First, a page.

The 32nd annual Coruba fishing tournament got a boom start when a near-record 384.2kg monster from the deep was landed after a three-hour struggle by a host-club stalwart off the Central Hawke's Bay coast yesterday.
The mako was too big for the 5.5m boat Rampant from which long-time Hawke's Bay Sports Fishing Club member Graeme Bee first hooked about 10.50am, at Post Office Rock, north of Bare Island and off Ocean Beach.
He battled for the first hour awaiting the arrival of the nearest help, the fellow Napier boat Donna 2, and as a safety measure was allowed to transfer boats to continue the fight.
As word of mouth spread among other boats scattered as far north as Mahia Peninsula on the first day of the tournament, the mako leapt completely out of the sea several times.
It was seen biting in half one of about 20 blue shark following the ordeal and once it broke free.
"But it came back for more," said Mr Bee, who with skippers Paul Galbraith (Rampant) and Carson Green (Donna 2) was able to announce about 2.30pm the battle was over and they were on their way home.
Well, not quite, for it was still alive in the water, lashed almost the full length of the Rampant when it arrived at the HBSFC at Ahuriri about 6.30pm.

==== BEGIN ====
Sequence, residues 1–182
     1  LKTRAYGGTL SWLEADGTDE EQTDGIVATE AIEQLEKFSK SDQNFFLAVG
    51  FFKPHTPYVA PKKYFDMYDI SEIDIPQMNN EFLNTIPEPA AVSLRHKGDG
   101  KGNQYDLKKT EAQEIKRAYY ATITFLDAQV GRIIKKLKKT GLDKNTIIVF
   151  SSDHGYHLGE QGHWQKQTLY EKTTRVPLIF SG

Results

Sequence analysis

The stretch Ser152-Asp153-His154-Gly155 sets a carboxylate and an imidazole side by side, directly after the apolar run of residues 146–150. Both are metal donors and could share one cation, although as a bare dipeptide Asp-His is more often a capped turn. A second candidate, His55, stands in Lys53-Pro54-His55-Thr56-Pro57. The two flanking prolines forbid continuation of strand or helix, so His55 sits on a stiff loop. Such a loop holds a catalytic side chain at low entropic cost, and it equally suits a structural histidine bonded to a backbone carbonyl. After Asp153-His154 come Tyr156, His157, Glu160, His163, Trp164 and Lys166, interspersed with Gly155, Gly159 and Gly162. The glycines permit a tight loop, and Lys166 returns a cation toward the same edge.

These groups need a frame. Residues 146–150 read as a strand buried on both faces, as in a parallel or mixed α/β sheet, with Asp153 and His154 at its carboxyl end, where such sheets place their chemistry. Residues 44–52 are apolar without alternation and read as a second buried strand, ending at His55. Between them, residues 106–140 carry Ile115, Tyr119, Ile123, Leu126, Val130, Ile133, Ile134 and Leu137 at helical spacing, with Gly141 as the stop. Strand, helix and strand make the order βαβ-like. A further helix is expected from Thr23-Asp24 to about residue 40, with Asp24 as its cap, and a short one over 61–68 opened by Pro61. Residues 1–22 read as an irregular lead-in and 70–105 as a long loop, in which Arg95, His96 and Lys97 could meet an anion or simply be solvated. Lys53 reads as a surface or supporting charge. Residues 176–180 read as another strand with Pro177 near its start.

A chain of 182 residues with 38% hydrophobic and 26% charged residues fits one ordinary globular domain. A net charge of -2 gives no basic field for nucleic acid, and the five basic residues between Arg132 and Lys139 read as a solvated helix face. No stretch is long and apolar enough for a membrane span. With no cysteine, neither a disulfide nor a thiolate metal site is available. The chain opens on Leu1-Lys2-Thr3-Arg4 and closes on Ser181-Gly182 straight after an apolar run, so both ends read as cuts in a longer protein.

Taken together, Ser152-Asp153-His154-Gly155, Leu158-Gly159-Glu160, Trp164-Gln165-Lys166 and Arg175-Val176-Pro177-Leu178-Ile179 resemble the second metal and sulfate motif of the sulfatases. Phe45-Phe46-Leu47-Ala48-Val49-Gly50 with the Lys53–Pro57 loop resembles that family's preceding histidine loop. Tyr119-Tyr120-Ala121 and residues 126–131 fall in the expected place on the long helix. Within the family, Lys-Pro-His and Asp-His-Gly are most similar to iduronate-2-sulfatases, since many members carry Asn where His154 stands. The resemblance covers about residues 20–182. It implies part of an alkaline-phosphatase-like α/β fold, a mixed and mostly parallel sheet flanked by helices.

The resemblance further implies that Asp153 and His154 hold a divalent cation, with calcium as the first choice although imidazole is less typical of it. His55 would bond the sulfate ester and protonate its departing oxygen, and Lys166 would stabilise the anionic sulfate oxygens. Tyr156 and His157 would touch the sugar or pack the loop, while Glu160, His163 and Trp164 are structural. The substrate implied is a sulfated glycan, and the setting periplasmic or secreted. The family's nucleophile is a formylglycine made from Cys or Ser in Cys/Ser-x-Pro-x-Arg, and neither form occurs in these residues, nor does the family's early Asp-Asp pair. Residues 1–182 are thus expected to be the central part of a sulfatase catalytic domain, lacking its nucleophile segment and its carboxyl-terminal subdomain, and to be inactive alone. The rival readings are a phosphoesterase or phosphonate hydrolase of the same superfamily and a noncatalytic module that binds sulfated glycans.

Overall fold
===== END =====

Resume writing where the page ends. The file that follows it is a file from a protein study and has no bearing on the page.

A welcoming party of more than 300 greeted the catch, which was a few centimetres too long to be hoisted clear of the ground to complete the weigh-in.
"She's not over yet," said Mr Bee, as everyone pondered what to do in what stretched to almost an hour before it was finally strung up and officials could announce the weight of the only shark recorded during the day.
Mr Bee has fished almost every Coruba, saying: "I'm 47 now, and I first competed with the family when I was about 16".
Landed with a 37kg tackle, it was his biggest catch, but it wasn't going anywhere near the New Zealand record 17kg tackle mako landed by Graeme Flett in 1985, on the wall above the club bar.
Mr Bee wanted only the jaw, and today - as he was back out at sea with Mr Galbraith and crewmates Ethan Mills, son of partner Danny Mills, and Mr Galbraith's son, 10-year-old Liam - a Niwa scientist was on the way from Wellington to dissect the mako in public starting at the HBSFC at 3pm.
The mako's landing came just after the landing of the next biggest fish of the day, the only marlin (101.4kg), caught by clubmate Rob Schicker, aboard Anthony Bath's boat, The Boy's Club, under tow by the Maggie May after damaging a throttle cable during the battle.
The host club took the first day prizes in a tournament which had almost 500 entries and about 130 boats.
Joe Bicknell's 17.8kg kingfish was the biggest of three weighed in the species, the 72 albacore tuna were headed by David Rouse's catch of 15.625kg, Trevor Brinson landed the biggest of 32 skipjack at 4.565kg, and the biggest of 19 snapper was Shannon Jordan's catch of 9.535kg.
There were no yellowfin, a species which carries the biggest prize at $4000.